Morocco 2018 Part 1 – Fez

With the UK blanketed in snow the week before it was a race against the melt to make it but here I was in Morocco. Armed with my Lonely Planet guide and some vague idea of doing a road trip from Fez to Marrakech, taking in the desert and mountains in between, I arrived having done very little forward planning. In fact, I had only booked a bed to sleep in a couple of nights before.

After arriving close to midnight, I lucked out and was able to share a cab with 3 other travellers from the airport to the Funky Fes hostel just on the edge of the medina. On arrival the hostel seemed a sociable place and I liked that. Some hostels these days can be a bit too big and impersonal but this one wasn’t in that category.

The next morning there was only one thing for it and that was to get walking and explore. The medina is a veritable maze of narrow alleyways, markets, souvenir sellers and small shops for everything that you could imagine. The Lonely Planet describes how ‘there is something intangibly raw about a place where 70,000 people still choose to live in the maelstrom of a medina so dark, dense and dilapidated that it remains the world’s largest car-free urban area’. This I thought captured it perfectly.

IMG_5338.jpgFor the first 15 minutes I felt pleased that I was managing to navigate myself around but soon, and all too predictably, I got lost. Not that it really mattered; getting lost is all part of the fun as a visitor. I was mainly just up for exploring the place and experiencing a vibe so culturally different from what I am used to. The only things I was vaguely on the look out for were a fridge magnet and some Moroccan music to potentially influence future musical compositions (neither of which I ended up buying).


IMG_5345.jpgAfter a good walk around for a couple of hours I reached the Bar Bou Jeloud area by which time I was ready for a sit down and some food. I was accosted by various cafes who wanted my business and I ended up at a rooftop spot for lunch where I sampled one of the local specialities – chicken tagine (it was to be the first of many on the holiday!). The views of the city from the rooftop were great.

To get a contrast with the old medina I then strolled down to the nicely chilled out Bou Jeloud Gardens (picture below) where I hung out for a while before continuing my walk down to the Ville Nouvelle (new town), passing en route the Royal Palace. I then had another cafe stop and took in the first half of Atletico Madrid v Barcelona in a bar, witnessing the great Lionel Messi score his 600th career goal!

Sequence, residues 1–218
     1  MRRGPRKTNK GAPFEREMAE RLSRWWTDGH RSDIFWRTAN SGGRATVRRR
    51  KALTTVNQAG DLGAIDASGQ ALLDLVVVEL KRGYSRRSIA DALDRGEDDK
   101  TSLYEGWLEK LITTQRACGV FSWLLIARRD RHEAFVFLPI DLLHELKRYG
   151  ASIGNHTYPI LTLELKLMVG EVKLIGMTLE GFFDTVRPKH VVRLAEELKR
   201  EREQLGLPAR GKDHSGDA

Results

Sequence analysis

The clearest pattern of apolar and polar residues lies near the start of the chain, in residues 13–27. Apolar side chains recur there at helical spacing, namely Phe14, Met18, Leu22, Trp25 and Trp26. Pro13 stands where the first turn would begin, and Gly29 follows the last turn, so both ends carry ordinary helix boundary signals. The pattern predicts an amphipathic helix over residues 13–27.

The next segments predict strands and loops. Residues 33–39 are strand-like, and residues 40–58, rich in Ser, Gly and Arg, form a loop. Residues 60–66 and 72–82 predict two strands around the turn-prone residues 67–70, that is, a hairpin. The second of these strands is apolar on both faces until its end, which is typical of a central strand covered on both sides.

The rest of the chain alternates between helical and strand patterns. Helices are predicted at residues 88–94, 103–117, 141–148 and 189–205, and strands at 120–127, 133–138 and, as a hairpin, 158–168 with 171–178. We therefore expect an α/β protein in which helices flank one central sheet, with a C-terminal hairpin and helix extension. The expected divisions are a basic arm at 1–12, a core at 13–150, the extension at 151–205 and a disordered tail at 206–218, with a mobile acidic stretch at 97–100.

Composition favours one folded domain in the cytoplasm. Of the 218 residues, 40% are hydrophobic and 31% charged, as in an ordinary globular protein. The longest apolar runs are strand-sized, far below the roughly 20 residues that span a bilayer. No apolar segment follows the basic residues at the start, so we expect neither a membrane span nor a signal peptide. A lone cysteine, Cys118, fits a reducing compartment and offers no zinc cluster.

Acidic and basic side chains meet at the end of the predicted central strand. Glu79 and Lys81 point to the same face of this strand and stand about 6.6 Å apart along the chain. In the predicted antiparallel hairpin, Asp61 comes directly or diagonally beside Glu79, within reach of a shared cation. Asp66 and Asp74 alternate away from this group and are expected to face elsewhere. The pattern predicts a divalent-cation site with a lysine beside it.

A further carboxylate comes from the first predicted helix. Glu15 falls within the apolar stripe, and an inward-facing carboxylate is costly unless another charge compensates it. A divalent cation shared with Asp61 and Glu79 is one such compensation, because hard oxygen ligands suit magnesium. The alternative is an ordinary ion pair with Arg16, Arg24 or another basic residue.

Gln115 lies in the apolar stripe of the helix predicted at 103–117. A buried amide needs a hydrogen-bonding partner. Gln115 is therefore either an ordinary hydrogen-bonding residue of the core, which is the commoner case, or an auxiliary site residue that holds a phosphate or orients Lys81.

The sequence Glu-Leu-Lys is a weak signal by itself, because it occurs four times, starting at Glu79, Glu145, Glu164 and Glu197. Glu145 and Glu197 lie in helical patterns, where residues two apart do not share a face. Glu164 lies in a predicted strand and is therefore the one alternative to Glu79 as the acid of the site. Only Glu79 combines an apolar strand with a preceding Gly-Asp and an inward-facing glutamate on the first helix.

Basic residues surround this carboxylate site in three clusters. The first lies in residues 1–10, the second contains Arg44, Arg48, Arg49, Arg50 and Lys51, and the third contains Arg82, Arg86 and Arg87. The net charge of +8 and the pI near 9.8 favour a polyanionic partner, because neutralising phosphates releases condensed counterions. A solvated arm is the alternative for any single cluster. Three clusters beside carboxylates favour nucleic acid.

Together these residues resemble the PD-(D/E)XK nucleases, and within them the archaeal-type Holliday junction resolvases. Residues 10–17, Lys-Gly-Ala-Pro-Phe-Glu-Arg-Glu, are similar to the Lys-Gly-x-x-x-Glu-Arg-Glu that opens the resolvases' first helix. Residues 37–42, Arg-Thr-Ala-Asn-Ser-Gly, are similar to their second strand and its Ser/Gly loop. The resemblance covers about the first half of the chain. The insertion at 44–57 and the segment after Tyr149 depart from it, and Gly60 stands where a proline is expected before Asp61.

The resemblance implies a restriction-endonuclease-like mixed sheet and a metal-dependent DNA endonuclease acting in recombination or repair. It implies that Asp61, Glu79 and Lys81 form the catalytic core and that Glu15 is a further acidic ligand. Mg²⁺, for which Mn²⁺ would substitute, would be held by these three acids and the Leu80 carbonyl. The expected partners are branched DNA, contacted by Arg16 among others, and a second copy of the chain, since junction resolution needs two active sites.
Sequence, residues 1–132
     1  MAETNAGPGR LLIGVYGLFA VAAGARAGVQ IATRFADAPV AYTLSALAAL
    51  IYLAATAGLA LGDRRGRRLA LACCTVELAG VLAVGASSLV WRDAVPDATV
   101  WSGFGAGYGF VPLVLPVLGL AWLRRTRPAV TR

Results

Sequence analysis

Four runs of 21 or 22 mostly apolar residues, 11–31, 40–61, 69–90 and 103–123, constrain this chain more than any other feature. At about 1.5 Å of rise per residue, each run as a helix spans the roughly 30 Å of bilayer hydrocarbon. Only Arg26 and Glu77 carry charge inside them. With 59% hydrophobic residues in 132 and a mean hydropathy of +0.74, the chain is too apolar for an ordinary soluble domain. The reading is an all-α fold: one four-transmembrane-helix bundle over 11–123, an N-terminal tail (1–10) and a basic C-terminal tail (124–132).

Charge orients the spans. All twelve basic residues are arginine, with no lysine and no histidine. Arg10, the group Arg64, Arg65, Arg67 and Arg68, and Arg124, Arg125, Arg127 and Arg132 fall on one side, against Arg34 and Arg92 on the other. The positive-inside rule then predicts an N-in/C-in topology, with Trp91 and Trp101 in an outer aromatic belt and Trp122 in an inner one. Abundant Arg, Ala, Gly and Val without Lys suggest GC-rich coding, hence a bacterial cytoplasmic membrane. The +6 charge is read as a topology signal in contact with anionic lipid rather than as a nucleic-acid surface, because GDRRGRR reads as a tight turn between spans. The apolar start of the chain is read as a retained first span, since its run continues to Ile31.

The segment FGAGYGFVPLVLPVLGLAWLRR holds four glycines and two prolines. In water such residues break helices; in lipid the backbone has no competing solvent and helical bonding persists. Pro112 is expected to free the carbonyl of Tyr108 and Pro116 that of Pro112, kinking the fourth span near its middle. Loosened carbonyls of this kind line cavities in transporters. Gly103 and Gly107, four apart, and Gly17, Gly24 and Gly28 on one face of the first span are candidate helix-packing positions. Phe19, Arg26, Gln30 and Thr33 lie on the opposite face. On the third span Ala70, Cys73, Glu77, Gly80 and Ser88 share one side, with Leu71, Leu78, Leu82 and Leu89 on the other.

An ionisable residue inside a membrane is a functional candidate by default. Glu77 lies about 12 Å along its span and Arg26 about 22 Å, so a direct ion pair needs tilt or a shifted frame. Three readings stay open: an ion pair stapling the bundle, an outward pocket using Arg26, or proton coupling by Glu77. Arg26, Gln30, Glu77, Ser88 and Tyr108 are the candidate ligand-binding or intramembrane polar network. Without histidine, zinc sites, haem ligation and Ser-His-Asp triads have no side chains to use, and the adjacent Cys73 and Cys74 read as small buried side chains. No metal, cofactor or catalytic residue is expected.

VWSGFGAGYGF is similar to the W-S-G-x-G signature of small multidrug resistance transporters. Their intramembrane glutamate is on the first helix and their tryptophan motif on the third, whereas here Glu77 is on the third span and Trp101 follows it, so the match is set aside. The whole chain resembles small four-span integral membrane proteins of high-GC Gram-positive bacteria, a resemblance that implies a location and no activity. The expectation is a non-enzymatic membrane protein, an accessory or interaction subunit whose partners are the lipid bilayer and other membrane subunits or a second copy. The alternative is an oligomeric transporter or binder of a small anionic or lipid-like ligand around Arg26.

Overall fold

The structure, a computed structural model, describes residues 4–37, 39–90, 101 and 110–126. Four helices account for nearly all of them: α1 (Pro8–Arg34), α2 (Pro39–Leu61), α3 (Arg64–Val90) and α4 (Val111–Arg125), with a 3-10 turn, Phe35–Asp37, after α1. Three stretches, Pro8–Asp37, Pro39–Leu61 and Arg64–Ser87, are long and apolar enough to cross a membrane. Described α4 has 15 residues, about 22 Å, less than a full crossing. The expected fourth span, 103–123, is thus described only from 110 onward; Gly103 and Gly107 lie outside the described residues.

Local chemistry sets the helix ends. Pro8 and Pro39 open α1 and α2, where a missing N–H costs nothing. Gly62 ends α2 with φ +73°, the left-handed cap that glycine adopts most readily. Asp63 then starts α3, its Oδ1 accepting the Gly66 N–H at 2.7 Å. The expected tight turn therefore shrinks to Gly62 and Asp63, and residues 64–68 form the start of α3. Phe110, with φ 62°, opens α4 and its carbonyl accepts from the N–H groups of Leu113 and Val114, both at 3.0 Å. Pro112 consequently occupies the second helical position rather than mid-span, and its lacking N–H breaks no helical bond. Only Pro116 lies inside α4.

I returned in the direction that I had come from but taking a detour through the less touristy Jewish district. There I ran into a man called Jacob who was offering to show me the way to the synagogue. I knew from my guidebook that the Ibn Danan Synagogue was in this part of town and I thought that this was what he was going to give me directions to. As it turned out I was falling into the trap of him giving me a guided tour of his neighbourhood and me paying for the privilege. Jacob, or at least this is what he told me, had previously starred on a French TV2 programme about the Fez Jewish community’s work to restore the medina (I haven’t yet managed to locate said documentary!).


The first stop was a random woman’s house where I went up to the roof to take the above picture of the Jewish cemetery. We then proceeded to walk deeper into the neighbourhood where he showed me the outside of a property he was restoring.


After a while, and when I was deep in the neighbourhood and wouldn’t have been able to navigate my way out in a hurry, he asked for a 200 dirham (20 Euros) donation towards the community’s restoration work. So I paid him. And then he asked for another 100 dirham for his guiding, which again I felt obliged to pay. With the money exchanged returning me to the main through fare seemed less of a priority.

Perhaps I am being cynical but it felt like a scam, albeit mild fry compared to some of the stuff I’ve fallen for in the past (thinking particularly India here!). But what can you do, as you want to interact and go with the flow. I had got to see an area of the city I wouldn’t otherwise have seen and if the money I gave does go to restoration work then great.


I walked back to the medina passing again through Bou Jeloud Square (picture above). Soon, the blue skies disappeared to be replaced by dark storm clouds and I could hear thunder in the distance. By the time the storm broke I was undercover in the medina and able to take shelter. The rain was heavy with torrents of water flowing downwards through the bowels of the medina. I waited for the storm to the pass which fortunately it did quite quickly.


By now I was tired of walking (and getting lost!) and was pleased to navigate my way out to the east side of the medina and to the main road. From there I could easily find my way back to the hostel, where I hung out for the evening socialising with fellow travellers.

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